Hammer's German Grammar and Usage. (ISBN - 9781138853713) - A reference book for German grammar written in English. A highly reputed resource and as rigorous as it gets. But its not intended for beginners due to its depth, and being a reference book it is not organised in a sequence normally followed in courses/classes as it will present all the alpha and omega of nouns in one chapter, same for verbs, prepositions and other elements of grammar in their respective chapters.

Essential German Grammar. (ISBN - 9781138785816) - Written by the same authors as Hammer's grammar book and often referred to as "Hammer-lite", this is probably good for beginners as it is smaller in size but still very rigorous and does not shy away from using overly technical terms (copular verbs!!!).

Reference Grammar of German language by Herbert Lederer. (ISBN 978684413297) - This is a book from the 70's written in English and based on the famous German grammar book " Grammatik der Deutschen Sprache" by highly renowned authors and probably the pioneers of German as foreign language learning/teaching era - Heinz Griesbach and Dora Schulz. Hebert Lederer says this in the title of his book. It is difficult to get as the last edition was in 1981.

Modern German: By Kimberley Sparks and Van Horn Vail. (ISBN 9780030657580) - A 600 plus pages, thorough German grammar book in English from the faculty at Middlebury college renowned for its foreign languages department. An excellent textbook beginning from the utter basics (it even defines what a subject is and what an object is) and extending in-depth in very simple language. The last edition was in 1992. Once you complete it, there is a review book from the same authors which is even more famous and called "German in Review" (ISBN - 9780470424292), which as the title says is a review and gets into nitty-gritty of grammar very soon. Very very good, but useful only once you get to intermediate level.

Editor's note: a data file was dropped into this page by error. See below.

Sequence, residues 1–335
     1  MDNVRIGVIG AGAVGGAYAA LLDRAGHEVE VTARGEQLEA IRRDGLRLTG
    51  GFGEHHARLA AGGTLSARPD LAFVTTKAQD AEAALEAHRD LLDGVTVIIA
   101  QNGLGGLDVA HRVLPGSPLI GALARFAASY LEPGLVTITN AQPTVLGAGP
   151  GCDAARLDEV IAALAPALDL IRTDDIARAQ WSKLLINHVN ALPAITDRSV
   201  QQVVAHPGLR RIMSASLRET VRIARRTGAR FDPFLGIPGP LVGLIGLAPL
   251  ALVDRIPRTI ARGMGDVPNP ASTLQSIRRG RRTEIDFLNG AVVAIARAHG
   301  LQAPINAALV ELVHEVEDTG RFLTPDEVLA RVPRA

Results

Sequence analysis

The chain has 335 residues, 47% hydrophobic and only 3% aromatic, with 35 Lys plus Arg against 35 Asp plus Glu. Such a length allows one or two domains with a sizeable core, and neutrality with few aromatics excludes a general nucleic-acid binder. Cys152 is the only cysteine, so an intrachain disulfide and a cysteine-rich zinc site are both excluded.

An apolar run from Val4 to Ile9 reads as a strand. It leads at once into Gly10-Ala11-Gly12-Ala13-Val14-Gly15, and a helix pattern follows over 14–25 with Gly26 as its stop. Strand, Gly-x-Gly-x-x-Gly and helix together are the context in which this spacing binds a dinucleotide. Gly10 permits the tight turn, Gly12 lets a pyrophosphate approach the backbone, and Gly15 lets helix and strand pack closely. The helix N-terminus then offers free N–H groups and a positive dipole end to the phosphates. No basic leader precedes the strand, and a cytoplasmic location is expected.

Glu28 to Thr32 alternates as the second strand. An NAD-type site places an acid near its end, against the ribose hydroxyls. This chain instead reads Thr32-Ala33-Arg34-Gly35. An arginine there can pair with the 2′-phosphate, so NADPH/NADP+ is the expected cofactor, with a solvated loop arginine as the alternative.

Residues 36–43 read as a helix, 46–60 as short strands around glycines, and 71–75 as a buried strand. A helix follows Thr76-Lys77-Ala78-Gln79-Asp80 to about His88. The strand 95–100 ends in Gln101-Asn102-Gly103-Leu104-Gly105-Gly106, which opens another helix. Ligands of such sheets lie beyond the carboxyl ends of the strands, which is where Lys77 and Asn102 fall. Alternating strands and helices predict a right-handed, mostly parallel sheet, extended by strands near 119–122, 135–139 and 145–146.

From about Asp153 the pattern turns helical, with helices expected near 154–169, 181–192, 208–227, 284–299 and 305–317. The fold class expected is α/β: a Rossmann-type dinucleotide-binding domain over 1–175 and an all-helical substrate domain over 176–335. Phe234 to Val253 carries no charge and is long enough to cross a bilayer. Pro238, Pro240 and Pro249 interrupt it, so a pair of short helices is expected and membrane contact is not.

Deutsche Wiederholungsgrammatik: A Morpho-syntactic review of German by Frank Donahue (ISBN - 9780300124682). A comprehensive review of German grammar, thorough and simple from Yale University. Suited from intermediate level onwards.

German: A Structural Approach by Walter Lohnes.(ISBN - 9780393954647) High emphasis on sentence patterns. It is an American coursebook from 70's and 80's era. Hence, It teaches all the fours domains of German language in a single book (characteristic of American textbooks) through progressive units/chapters. The grammar is detailed and in-depth however.

All these are really good, mainly old school, books which fulfill your mentioned requirements and you cannot go wrong with it, provided you have some old school patience and dedication. You can view them for free at archive.org for a few hours or days and buy them at amazon.

BONUS: Modern English: A Practical Reference Guide by Marcella Frank. (ISBN 9780135943182). An out-of-print gem on English grammar from 1972. The last updated edition was in the 90's. This is THE grammar book for English that, I think, an English-speaking aspirant of German language should go through if time and seriousness are not the limiting factors in learning. It's a no-nonsense, technically detailed book of English grammar. The English and German grammar may differ, but the abstract concepts of what a verb is, what a noun is, what do prepositions mean and how do these elements function in a sentence remain more or less the same across languages. This book will create those abstract concepts and ideas of the elements in grammar.

  • Welcome to German.SE. Do you think you could add your books with their ISBN or a link to their publisher's site? – Shegit Brahm Sep 17 '20 at 19:17